distribute it to the pirate community. The methods the pirates use to obtain the
software is only known by the members of the pirate groups themselves. Some
speculate that the members either "hack" (break into a computer via modem from
one's own system) into computers of software companies and steal the software or
"pay off" employees of software companies. The software they receive is almost
always less then one day old and is often referred to as a "zero day ware."
"The Internet is an incredible international electronic information
system providing millions with access to education, entertainment. and business
resources, as well as promoting new forms of personal communication, including
e-mail and on-line chatting" (Larson Internet). This also creates ideal piracy
breeding grounds. Software pirates utilize the services of the Internet to
"trade" copyrighted "warez." In 1994 the Washington Post reported about an
individual who had set up a computer bulletin board system connected to the
Internet, that allowed over one million dollars worth of software to be copied.
People using the Internet computer network were able to retrieve commercial
software from this BBS for free. The sysop (system operator or person operating
the BBS) was charged with fraud and copyright infringement but never convicted
because of "murky" laws (Daly, D1).
IRC (Internet relay chat) is an Internet service that enables people all
over the world to communicate with each other by means of "switching" channels
and typing messages on the screen. IRC also allows individual to "post" files in
selected channels most of which are copyrighted software available for trade. If
someone sees a particular program they want, all they have to do is "tag" the
file for download and it is copied onto their local hard drive.
With the exception of the real-time "chatting" capabilities of IRC, most
of the functions of USENET are the same. USENET is a message network available
on the Internet where users post public messages, on almost any topic imaginable,
in hopes of getting an answer. Like IRC users can attach files to the messages,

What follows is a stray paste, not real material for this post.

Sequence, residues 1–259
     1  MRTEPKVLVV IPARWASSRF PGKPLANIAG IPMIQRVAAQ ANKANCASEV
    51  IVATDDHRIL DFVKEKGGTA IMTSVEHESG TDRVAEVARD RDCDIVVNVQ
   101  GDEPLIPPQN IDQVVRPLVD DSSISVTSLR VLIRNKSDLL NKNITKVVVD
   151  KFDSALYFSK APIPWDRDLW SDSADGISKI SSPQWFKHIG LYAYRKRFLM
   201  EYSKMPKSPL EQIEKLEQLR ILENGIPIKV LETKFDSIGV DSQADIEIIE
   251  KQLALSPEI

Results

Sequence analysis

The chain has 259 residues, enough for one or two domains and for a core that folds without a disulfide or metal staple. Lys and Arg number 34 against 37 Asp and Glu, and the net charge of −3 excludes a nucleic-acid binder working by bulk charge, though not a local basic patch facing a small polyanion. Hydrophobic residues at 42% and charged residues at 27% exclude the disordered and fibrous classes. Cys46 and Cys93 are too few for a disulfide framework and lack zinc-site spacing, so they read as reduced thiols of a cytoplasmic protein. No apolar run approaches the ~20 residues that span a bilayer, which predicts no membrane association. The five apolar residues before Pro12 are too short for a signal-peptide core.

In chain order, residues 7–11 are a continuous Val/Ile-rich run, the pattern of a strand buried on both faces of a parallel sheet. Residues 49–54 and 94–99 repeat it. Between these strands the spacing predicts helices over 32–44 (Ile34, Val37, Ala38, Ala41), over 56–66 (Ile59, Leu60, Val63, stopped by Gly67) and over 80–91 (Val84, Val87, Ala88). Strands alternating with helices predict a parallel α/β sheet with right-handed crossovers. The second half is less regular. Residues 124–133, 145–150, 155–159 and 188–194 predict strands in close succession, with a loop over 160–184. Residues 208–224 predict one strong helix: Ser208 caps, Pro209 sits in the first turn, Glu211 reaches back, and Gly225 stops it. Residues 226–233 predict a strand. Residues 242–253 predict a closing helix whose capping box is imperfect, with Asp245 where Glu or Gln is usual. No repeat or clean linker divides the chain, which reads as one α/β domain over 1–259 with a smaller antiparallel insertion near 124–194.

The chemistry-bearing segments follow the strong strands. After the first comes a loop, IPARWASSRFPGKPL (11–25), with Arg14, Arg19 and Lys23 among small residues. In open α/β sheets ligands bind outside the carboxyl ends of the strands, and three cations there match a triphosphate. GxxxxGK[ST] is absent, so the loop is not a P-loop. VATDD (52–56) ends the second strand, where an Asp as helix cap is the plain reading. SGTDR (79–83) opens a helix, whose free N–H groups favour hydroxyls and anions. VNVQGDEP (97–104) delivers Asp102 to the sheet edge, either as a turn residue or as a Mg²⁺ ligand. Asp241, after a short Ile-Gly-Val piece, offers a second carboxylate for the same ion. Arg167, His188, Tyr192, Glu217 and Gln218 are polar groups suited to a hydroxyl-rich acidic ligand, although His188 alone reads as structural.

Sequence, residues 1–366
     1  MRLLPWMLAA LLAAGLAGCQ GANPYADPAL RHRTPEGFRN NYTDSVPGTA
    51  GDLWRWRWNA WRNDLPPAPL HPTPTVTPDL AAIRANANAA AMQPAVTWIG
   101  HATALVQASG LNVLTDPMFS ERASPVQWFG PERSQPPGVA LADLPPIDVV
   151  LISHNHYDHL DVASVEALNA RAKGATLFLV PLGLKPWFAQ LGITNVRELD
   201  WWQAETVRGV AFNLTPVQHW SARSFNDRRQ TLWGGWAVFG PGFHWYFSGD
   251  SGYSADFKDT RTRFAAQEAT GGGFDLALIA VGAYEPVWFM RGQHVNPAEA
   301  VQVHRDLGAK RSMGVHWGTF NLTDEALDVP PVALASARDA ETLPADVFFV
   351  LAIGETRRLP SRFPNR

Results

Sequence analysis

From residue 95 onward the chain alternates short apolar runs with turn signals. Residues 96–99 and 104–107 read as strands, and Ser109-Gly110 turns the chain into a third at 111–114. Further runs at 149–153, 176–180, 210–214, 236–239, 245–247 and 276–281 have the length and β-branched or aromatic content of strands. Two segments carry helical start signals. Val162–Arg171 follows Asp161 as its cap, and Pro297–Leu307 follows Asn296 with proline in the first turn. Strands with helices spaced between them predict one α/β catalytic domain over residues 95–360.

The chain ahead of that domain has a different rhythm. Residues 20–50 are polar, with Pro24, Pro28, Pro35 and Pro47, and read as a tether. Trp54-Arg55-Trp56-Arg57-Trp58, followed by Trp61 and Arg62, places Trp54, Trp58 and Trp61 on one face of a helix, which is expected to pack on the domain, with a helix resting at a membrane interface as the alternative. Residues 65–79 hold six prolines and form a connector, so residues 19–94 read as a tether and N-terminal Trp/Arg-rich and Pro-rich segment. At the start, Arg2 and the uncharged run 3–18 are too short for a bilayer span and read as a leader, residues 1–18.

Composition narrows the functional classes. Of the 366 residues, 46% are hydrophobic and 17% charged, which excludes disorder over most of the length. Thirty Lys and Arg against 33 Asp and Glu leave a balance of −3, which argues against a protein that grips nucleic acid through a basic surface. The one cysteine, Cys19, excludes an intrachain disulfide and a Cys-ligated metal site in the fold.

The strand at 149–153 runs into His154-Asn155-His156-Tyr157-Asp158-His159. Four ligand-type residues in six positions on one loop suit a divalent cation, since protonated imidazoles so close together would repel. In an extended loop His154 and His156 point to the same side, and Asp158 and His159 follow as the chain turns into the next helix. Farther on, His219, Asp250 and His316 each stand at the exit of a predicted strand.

some of which are copyrighted programs. Through my own analysis I have found
that software pirates have found USENET and IRC to be extremely efficient ways
to provide and trade copyrighted software, which is beginning to make BBS use
obsolete.
On-line services such as America Online, Prodigy, and CompuServe combine
the ease of use of BBSs and the capabilities of the Internet. Most on-line
services provide e-mail, virtual chat rooms, file areas and even access to the
Internet. Software pirate groups are found utilizing these on-line services to
trade copyrighted software and with over 1.25 million other users on-line, they
can go about unnoticed. David Pogue, a writer for MacWorld says that members of
these pirate groups sign on by using fake credit card numbers and phony personal
information. While on-line, the pirates trade copyrighted software or "warez" by
e-mailing them to each other and using chat rooms to receive new programs
(Pogue 37).
Most anti-piracy organizations have taken little, if any, action against
this new wave of software piracy. The Software industry looses millions if not
billions of dollars to small-time software pirates. On the pirates' side is the
safety of private bulletin boards, unclear laws, the vast size of on-line
services and the fact that IRC and USENET are completely lawless. There are no
laws, no restrictions and no one to stop the software pirates from committing
their crimes. This permits pirates to go virtually undetected and free from
punishment. In a article on computer crime in Newsweek a spokes woman for the
on-line service Prodigy speaks about the Internet: "Its the Wild West. No one
owns it. It has no rules" (Meyer 36-38).
Microsoft says major software developers recognize that piracy is a
problem. They have begun taking steps to alleviate the problem. The software
industry realizes that the problem of software piracy cannot be solved by one
company alone. Computer companies have "made a commitment to address the problem
together." Software publishers are taking an active role in directly addressing
software piracy by monitoring markets, conducting investigations, and pursuing
litigation on their own as well as through the Business Software Alliance (BSA)
and the Software Publishers Association (SPA) ("What is..." Internet).
The White Paper lists "a number of potential solutions to software